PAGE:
The next day, near noon, the children joined the adults for lunch. They were all about eleven years old, well behaved for their age, respectful of their elders, affectionate to those they knew and earnestly practiced being charming. After a digestive break, some guests went to visit a nearby racing stable, or about their business, while the rest of us repaired to the library or game room. One of the gentlemen present, much the most attractive of the group, took the Duchess's daughter by the shoulders and sat her next to him. In a while, I heard the girl giggling and so turned to look. The man was fondling her, his fingers teasing her as he whispered into her neck. The girl was flustered, plainly aroused and, quite obviously, unaware of what was being done to her and what it meant. I turned back to look for the Duchess and found her seated nearby, watching dispassionately. From his large leather chair, the Duke, too, was watching, turning his eyes away from time to time but then back again, gauging his step-daughter's reactions. By now the girl was hitting the man's shoulder, wriggling on his lap, and kicking her legs. Finally, she pulled away. He let her go, knowing she would return, which she did almost immediately. He embraced her tightly but at that she tore away from him and escaped. I could not tell if it was because she was uneasy at this thing she did not understand or if some other sort of instinct had caused her to flee. Seemingly amused by what had just occurred, the Duchess raised her eyebrows at the seducer before turning to look at the Duke. He appeared somewhat disappointed, although I could not tell exactly what had caused it: the extent of the seduction, or its brevity.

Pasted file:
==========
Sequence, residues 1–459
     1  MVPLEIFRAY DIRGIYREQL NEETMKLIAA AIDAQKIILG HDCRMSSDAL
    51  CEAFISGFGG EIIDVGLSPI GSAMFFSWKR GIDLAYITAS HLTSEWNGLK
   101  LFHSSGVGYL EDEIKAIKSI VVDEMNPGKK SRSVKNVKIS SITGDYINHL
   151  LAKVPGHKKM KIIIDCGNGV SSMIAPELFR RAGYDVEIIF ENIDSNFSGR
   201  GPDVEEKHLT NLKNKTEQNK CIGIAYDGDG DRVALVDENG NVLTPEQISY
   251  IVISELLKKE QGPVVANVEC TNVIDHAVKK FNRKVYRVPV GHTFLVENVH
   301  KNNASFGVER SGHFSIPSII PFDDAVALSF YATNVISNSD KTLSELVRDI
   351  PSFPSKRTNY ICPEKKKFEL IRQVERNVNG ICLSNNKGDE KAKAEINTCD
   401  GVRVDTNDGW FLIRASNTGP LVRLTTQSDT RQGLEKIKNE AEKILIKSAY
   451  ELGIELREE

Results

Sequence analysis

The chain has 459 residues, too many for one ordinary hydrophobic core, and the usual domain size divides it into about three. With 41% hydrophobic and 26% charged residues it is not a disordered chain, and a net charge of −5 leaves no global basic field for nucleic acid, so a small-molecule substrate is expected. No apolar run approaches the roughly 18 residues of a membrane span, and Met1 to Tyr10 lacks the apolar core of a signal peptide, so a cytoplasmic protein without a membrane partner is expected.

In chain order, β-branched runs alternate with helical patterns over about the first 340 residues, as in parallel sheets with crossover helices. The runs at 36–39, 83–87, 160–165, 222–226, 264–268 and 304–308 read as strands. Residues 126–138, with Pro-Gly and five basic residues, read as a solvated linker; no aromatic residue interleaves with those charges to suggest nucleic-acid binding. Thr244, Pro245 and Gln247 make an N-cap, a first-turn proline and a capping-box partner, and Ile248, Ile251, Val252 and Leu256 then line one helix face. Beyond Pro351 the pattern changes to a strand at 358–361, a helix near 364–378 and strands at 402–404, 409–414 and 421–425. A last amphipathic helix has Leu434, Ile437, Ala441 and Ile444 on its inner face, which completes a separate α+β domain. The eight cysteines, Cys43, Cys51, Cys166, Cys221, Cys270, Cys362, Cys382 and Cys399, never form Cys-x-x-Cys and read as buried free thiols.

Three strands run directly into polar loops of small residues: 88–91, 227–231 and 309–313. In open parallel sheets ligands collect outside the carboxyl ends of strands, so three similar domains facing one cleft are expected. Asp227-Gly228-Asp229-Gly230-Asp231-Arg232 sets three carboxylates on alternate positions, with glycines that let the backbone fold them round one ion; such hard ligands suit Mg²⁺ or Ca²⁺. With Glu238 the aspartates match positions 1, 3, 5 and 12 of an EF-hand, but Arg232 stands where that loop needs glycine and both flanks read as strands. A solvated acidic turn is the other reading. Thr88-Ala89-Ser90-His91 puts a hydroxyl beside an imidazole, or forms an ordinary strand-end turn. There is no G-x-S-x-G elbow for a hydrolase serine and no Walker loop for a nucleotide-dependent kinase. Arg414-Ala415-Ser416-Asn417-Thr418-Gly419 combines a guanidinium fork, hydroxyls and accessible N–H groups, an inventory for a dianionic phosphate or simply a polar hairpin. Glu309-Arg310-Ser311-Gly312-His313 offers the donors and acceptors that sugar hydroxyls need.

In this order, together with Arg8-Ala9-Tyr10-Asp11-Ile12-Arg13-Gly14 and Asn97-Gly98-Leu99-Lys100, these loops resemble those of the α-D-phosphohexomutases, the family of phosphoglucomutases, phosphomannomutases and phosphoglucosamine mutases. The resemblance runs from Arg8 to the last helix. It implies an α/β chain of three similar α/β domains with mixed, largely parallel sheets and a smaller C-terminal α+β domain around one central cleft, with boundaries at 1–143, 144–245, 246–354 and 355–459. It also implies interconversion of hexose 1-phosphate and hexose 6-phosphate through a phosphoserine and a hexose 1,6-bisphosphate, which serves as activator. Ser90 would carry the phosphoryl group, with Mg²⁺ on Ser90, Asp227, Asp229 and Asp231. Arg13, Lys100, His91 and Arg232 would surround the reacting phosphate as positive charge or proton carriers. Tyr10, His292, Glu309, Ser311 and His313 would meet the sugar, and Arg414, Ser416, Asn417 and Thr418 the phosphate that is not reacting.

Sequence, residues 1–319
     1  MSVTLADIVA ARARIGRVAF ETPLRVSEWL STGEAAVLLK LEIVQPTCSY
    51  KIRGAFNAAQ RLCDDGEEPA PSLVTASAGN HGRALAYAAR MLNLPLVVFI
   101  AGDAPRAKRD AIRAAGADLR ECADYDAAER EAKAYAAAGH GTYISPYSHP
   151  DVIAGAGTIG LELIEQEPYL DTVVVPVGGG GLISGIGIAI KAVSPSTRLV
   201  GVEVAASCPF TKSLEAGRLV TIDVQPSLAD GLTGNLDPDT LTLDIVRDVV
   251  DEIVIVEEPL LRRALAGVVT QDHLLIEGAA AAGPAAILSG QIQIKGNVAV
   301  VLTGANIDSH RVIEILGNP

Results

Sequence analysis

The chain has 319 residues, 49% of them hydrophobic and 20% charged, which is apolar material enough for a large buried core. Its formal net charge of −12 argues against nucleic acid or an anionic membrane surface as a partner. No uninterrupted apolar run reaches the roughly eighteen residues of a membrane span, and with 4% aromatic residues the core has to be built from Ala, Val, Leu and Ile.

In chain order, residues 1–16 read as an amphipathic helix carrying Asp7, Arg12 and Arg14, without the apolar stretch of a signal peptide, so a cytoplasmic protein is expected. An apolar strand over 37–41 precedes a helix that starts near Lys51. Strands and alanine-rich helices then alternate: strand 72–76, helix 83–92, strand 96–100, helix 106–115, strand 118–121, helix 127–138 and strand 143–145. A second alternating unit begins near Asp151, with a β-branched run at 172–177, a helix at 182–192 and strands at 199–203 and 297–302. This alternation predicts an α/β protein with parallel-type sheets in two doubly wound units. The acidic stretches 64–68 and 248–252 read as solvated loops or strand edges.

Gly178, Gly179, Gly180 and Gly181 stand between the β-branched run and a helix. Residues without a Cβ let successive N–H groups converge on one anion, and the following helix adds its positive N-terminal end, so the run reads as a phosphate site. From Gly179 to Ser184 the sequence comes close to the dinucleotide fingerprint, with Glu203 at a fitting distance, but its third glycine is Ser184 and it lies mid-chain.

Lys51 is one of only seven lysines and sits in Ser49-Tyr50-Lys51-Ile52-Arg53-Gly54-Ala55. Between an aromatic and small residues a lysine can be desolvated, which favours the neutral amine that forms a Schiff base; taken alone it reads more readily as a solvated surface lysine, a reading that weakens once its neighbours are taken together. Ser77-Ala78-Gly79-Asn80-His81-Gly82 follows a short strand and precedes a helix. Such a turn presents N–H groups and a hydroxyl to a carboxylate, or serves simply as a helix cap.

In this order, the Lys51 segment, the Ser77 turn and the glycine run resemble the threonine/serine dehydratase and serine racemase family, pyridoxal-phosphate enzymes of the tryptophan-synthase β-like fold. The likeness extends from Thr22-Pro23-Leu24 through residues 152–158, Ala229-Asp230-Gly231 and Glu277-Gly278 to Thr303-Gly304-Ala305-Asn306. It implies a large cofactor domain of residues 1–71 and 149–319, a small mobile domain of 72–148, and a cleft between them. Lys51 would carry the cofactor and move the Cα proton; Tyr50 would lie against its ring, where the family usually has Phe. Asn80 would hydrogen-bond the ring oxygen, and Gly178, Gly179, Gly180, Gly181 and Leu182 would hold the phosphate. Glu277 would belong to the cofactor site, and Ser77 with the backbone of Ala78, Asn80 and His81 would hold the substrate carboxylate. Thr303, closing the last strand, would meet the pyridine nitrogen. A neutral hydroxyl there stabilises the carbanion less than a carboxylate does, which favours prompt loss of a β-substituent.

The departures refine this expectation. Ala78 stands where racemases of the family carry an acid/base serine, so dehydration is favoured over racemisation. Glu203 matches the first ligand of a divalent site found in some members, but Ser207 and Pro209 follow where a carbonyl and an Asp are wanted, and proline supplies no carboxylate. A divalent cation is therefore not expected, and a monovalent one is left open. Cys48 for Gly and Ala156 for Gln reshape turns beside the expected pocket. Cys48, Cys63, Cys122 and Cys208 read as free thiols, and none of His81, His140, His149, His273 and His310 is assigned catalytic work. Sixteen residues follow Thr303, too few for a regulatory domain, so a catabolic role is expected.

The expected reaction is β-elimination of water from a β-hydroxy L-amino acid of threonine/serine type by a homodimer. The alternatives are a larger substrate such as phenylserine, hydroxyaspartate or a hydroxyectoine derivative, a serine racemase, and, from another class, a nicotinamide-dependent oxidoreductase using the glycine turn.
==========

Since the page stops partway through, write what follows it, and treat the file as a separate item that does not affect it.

I rose, walked over to Victor, and said, "I'm leaving. Can you drive me to the bus station?" Shocked, he said, "You can't just leave the Duchess of D's weekend party."
"Yes, I can," I said. "I won't stay here." Then I went up to the pretty room, repacked my weekend bag and met Victor at his car. "I told her you were feeling ill and didn't want to spoil the day," he said. "You'll write a note and apologize for not saying goodbye or telling her why you had to leave."
"The hell I will."
"What is wrong with you?"
"Didn't you see what that man was doing to her daughter, touching her all over, stimulating her sexually, and the Duchess allowing it, almost as if she meant to amuse the Duke."